Regulating market abuse is important for several reasons. Firstly, it helps to maintain fair competition and a level playing field for all market participants. By preventing abusive practices, regulators can ensure that investors are able to make informed decisions based on accurate and reliable information. This promotes market efficiency and prevents distortions in price formation. Secondly, market regulation is necessary to protect the interests of investors. Investors rely on the integrity of financial markets to make investment decisions and allocate their capital. When market abuse occurs, it can lead to significant financial losses for individual investors and undermine confidence in the financial system. By regulating market abuse, regulators can provide a framework that encourages trust and confidence in the markets.


Lastly, market regulation is crucial for maintaining the stability of the financial system. Market abuse can create systemic risks that can spread throughout the financial system and have wider economic consequences. For example, if market manipulation leads to inflated asset prices, it can create a bubble that eventually bursts, causing widespread financial instability[2]. By detecting and preventing market abuse, regulators can help to mitigate these risks and safeguard the stability of the financial system.


As mentioned, market abuse can have various forms, below, we expand on the definition of insider trading as provided in Article 7.1(a) of the MAR.


Definition of Inside Information under point (a) of Article 7(1) of the MAR

Under point (a) of Article 7(1) of the Market Abuse Regulation (MAR), inside information is defined as information that, if it were made public, would be likely to have a significant effect on the prices of financial instruments. This definition focuses on the potential impact of the information on the price setting mechanism of the market. Inside information can distort the price format by providing an unfair advantage to individuals who possess it. As mentioned, the concept of inside information is crucial in maintaining the integrity and fairness of financial markets. It ensures that all investors have access to the same information when making investment decisions, preventing any unfair advantages or distortions in price setting. Inside information can range from financial results, mergers and acquisitions, regulatory developments, or any other information that could significantly impact the prices of financial instruments.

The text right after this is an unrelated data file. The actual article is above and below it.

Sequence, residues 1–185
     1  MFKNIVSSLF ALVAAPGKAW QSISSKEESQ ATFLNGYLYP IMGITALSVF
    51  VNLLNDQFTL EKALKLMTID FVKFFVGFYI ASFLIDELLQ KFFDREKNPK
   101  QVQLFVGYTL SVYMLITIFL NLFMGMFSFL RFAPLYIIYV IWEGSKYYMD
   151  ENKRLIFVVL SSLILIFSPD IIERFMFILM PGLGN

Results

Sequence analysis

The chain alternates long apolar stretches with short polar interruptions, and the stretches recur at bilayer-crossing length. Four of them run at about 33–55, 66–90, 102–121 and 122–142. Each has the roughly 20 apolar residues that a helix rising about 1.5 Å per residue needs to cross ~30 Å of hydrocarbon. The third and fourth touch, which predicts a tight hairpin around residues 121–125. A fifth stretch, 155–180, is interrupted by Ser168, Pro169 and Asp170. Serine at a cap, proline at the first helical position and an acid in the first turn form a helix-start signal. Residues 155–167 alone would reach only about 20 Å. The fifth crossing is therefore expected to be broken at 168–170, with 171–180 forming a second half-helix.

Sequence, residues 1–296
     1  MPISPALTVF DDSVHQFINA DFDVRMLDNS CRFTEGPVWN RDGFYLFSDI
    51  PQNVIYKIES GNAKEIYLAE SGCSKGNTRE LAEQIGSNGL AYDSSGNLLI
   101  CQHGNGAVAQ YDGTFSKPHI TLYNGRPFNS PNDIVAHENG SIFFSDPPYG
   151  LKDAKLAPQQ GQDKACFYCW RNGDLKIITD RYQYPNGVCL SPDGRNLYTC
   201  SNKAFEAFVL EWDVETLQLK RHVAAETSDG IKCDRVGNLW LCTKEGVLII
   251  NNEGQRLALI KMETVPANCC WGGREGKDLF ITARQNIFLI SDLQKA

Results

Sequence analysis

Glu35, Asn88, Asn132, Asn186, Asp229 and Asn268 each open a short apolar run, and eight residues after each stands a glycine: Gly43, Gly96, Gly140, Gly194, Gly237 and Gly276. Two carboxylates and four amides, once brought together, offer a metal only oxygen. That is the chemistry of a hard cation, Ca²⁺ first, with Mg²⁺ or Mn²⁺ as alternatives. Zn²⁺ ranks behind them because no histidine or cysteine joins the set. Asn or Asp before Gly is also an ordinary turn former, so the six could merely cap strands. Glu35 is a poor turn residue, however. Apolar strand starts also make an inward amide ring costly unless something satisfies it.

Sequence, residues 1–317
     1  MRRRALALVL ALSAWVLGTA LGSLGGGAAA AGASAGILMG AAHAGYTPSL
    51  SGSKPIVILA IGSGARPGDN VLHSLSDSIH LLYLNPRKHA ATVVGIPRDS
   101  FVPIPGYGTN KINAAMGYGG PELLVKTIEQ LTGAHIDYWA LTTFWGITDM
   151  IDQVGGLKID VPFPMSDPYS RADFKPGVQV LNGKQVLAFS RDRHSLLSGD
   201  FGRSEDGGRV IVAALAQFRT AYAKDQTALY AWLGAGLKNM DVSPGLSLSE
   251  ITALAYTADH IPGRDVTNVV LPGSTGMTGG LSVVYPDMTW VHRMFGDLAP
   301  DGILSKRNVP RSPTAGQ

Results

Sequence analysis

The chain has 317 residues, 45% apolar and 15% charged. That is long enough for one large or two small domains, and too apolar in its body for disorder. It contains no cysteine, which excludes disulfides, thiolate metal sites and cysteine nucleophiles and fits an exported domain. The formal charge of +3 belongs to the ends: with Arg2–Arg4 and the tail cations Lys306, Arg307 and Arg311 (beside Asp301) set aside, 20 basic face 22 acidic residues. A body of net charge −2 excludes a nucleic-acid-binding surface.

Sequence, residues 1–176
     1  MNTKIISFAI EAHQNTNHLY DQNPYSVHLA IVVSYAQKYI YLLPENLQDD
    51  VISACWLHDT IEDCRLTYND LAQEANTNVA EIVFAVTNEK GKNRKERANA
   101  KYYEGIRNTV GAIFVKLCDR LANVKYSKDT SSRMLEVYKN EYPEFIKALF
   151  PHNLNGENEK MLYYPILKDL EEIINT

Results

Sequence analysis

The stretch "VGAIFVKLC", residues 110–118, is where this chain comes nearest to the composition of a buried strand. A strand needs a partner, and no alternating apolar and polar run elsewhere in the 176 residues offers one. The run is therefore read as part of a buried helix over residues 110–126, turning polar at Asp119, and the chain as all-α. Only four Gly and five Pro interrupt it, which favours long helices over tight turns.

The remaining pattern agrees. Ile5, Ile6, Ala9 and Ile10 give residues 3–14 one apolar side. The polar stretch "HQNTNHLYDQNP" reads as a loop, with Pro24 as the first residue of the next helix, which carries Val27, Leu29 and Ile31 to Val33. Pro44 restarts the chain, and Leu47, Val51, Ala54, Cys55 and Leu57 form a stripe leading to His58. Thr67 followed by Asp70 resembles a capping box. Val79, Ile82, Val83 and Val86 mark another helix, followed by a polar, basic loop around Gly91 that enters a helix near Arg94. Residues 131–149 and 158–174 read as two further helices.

To determine whether information constitutes inside information, several factors need to be considered. Firstly, the information must be precise and specific. It should not be general knowledge or mere rumours that lack substance. Secondly, the information must not be publicly available. If the information has already been disclosed to the public, it cannot be considered inside information. Lastly, the information must be likely to have a significant effect on the prices of financial instruments. This means that it should have the potential to lead to a material change in the price or value of a financial instrument, this could be upwards or downwards direction.